Wine: The importance of the cork

Why should we still favour cork as a closure?
January 18, 2017

When does the enjoyment of a glass of wine begin? When you sip it? When you swirl it round in the glass to coax out its aromas? For me, it begins when you hear the cork being pulled from the bottle. The gentle squeaking as the cork is eased out followed by the satisfying pop when the aromas are first released. All this is part of the ceremony of serving and savouring a good bottle of wine.

Of course, not every bottle closure is made of cork. There are screw tops and plastic closures, which struggle to be in any way part of the ceremony or experience of enjoying a wine. I was once presented with the screw cap, which a sombre sommelier had slowly unscrewed from my chosen bottle. What was he expecting me to do? Smell it?

Of course, there are also Stelvin closures, which use a synthetic material to imitate natural cork. They adapt themselves perfectly to the shape of the aperture in a bottle’s neck; and of course they are removed with a corkscrew. But just try to get them back in the neck if you want to reseal the bottle.

The use of these alternatives to cork arose because of the hazard of contaminating the wine by a faulty cork. Cork taint, or TCA (2,4,6 trichloroanisole), is the highly volatile compound that dulls a wine’s aromas and lends it the smell of wet cardboard. The mere whiff of TCA and the wine is ruined for the drinker. This usually leads to a chain of compensation claims from a restaurant to a wine merchant to a winery, with all the fuss of sending back a faulty bottle or case. So why haven’t cork manufacturers eliminated it?

The answer is that it is extremely hard to detect and wine faults brought about by TCA may come from materials in the winery and not the cork. Cork manufacturers put a lot of work into detection. Specially trained noses are deployed to sample corks at random in a large batch and to put aside any that cause suspicion. Guaranteeing the health of each and every cork is possible but it costs much more to pass each cork under the nose of highly trained and sensitive sniffers. Technology is also being mustered with the DS100 process from Cork Supply Portugal, designed to ensure every cork is healthy.

With this risk, or expense, why should we still favour cork as a closure? Apart from the ceremony and the history, what other reasons are there for preferring cork? The answer is that cork is a natural substance, and has much more to give than it takes. Firstly, it allows the wine to breathe slowly in the bottle as it matures. That’s not because it allows the wine to interact with the outside environment but because there is oxygen in cork itself. Other airless closures do not afford the wine this capability, and as Randall Grahm of Bonny Doon explained to me, winemakers would have to make the wine differently for bottling with an airtight closure.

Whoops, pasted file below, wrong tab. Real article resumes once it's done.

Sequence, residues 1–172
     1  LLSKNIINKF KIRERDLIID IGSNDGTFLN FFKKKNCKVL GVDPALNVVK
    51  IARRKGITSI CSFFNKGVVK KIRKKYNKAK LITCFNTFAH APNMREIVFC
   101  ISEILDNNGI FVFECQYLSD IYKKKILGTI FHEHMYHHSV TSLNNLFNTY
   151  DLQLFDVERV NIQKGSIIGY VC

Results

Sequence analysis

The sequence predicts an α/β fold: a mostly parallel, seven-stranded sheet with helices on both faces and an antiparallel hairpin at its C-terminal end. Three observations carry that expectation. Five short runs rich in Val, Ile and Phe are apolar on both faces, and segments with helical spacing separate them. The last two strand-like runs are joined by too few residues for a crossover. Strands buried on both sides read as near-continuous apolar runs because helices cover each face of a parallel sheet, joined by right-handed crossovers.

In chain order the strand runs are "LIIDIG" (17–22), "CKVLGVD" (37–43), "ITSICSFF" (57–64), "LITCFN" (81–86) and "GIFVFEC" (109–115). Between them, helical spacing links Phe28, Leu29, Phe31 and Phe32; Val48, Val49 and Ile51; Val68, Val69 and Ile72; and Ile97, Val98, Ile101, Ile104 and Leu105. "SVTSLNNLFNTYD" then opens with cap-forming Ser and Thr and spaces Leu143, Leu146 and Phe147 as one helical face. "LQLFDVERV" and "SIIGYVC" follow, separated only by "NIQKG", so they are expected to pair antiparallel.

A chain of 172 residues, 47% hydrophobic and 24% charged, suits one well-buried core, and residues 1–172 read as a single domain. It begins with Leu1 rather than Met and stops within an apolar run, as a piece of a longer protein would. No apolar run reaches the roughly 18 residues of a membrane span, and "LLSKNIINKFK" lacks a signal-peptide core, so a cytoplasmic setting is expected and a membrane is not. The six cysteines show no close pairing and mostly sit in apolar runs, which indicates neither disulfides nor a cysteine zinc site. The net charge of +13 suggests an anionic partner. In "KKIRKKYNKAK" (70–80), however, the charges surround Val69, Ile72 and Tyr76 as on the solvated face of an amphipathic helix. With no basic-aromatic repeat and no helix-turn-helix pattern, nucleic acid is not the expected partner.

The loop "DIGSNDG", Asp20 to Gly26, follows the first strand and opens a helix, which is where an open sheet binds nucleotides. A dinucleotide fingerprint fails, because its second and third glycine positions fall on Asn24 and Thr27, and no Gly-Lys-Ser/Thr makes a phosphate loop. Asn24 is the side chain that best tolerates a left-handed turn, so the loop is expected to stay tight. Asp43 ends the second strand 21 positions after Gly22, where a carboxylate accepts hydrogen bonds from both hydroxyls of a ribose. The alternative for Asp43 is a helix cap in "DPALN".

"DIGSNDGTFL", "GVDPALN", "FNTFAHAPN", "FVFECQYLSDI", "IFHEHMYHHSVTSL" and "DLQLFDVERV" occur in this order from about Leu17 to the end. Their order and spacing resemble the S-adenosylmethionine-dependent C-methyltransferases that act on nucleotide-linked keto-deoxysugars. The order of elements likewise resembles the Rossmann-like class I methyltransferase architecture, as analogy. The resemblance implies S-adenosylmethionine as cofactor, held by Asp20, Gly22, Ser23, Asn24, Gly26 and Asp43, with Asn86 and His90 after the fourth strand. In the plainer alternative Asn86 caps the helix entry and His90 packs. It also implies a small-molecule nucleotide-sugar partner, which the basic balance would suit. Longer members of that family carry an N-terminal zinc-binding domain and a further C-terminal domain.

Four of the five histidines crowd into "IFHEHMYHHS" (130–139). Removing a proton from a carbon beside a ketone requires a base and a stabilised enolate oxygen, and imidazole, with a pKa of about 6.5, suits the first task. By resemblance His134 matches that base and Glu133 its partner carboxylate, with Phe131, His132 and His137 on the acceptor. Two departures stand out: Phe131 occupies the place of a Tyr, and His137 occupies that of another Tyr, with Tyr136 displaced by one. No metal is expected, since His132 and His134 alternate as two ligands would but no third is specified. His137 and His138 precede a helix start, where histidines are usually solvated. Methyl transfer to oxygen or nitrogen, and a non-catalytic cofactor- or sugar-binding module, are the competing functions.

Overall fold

There is also the smell of good cork when it is released from the bottle. As the sommelier hands you a wine-stained cork to sniff this is your first acquaintance with the wine’s aromas, and they are delivered against the beautiful woody background note of a quality cork. No other closure plays this enhancing role.

The other reason to favour natural corks has to do with the whole ecology of the cork industry. I’ve heard it said that we should move away from corks to save the trees, but just the opposite is true. The cork forests of Portugal survive because we use corks in wine bottles. These forests with their unique flora and fauna thrive because the trees are nurtured for their bark, which is stripped every nine years, and grows back to become the next harvest of cork. The layers of bark are washed and cut into pieces. These are then punched to create corks that will be assessed for quality and colour before heading to wineries all over the world. The residue of this process is sent on to be ground into granules that will be glued together to make mats, flooring and Champagne corks. If Portugal didn’t make natural cork for the world of wine, it would be hugely more expensive to make other cork products. And as Californian wine grower Paul Draper has written, if we stopped using cork in wine bottles it would be an environmental disaster for the forests of Portugal.

So the next time you pull the cork from a bottle you will be playing your part in a time-honoured way of sustaining part of the nature and culture of the world of wine.